CHICAGO—In June, USDA debuted MyPlate, a graphic icon designed to remind Americans to make healthier food choices by filling their plates with more fruit, vegetable, grains, protein and dairy food groups. However, new market data from the NPD Group reveals for the average consumer, only 2% of their days come close to resembling the new dietary guidelines.
MyPlate is divided into four wedges—fruits, vegetables, grains, and protein—with another small circle next to the plate representing dairy. Fruits and vegetables take up more than half the plate, adding grains covers about three-quarters, reflecting a shifting emphasis toward plant-based diets.
Using NPD’s National Eating Trends® (NET®) research, MyPlate days were calculated based on consumers who, on the same day, achieved at least 70% of the daily recommended intake for dairy, fruit, grains, proteins and vegetables. For the average consumer, 2% of their days (about seven days a year) come close to the USDA dietary guidelines; and when a MyPlate day is achieved, consumers are very likely to consume more than three meals a day.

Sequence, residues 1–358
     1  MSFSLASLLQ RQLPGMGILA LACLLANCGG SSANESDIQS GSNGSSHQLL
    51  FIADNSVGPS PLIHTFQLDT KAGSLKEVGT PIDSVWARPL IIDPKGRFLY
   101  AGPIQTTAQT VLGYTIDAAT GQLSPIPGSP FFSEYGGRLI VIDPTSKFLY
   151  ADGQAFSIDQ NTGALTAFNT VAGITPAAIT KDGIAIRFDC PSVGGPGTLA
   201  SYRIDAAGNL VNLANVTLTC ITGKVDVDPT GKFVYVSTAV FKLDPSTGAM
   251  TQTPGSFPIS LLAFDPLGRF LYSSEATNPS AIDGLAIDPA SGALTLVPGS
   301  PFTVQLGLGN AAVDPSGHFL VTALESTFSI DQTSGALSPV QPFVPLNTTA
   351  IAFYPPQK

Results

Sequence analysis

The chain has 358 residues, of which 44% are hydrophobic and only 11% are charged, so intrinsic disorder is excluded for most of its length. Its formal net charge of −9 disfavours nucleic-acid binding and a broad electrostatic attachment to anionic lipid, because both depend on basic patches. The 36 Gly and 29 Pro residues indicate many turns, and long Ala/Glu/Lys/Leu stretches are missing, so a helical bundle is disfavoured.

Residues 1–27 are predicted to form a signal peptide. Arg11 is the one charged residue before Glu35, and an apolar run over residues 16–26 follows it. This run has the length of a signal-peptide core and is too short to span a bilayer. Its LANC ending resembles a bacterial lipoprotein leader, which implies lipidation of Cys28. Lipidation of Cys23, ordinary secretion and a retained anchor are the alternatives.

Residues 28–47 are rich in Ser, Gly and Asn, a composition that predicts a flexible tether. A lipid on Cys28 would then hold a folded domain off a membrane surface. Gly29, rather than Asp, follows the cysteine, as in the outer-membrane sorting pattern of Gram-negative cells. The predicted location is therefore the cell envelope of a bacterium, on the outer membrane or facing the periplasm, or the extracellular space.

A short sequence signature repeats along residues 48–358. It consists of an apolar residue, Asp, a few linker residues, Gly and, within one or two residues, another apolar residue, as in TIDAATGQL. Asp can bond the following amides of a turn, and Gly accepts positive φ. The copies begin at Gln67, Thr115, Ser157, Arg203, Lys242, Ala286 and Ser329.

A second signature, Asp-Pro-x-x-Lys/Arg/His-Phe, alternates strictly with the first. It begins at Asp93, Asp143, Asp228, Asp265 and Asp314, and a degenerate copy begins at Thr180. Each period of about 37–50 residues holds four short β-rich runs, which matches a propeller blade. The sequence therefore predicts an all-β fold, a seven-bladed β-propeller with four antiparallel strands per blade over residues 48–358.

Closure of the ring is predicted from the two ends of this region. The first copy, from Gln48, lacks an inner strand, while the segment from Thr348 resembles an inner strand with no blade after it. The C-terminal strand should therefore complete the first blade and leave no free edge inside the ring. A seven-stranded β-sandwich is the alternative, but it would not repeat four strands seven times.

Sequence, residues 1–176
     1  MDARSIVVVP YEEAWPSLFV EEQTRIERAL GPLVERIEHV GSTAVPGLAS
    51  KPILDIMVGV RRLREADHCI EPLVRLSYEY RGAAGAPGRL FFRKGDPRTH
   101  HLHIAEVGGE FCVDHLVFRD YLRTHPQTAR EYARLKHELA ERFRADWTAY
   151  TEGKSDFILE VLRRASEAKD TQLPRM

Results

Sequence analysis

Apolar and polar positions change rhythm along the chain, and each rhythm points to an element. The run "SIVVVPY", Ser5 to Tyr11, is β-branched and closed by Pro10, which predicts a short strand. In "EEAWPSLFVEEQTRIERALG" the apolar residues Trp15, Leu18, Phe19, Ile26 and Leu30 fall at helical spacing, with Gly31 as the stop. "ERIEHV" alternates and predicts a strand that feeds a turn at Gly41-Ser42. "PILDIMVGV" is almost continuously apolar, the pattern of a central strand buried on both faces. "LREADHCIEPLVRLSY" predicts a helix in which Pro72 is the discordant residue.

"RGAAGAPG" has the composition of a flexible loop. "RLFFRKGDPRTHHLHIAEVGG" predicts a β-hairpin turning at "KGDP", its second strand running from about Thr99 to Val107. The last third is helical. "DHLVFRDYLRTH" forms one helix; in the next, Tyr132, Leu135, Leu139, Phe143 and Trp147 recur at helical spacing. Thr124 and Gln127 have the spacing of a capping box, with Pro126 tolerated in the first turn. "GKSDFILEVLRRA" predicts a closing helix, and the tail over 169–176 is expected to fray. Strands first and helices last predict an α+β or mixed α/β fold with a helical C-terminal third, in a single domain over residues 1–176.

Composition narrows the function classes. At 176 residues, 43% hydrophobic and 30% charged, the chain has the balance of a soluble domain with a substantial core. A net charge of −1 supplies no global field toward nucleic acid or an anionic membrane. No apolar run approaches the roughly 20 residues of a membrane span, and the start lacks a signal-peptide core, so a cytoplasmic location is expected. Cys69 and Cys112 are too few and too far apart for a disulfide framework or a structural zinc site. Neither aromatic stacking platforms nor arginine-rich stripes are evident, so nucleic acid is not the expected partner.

“Clearly there is a need for consumers to change their eating behaviors," said Darren Seifer, NPD food and beverage industry analyst who analyzed the NET information in comparison to the MyPlate guidelines. “With more than 65% of adults in NPD’s nationally representative consumer panel classified as either overweight or obese, the necessity behind change could not be more apparent."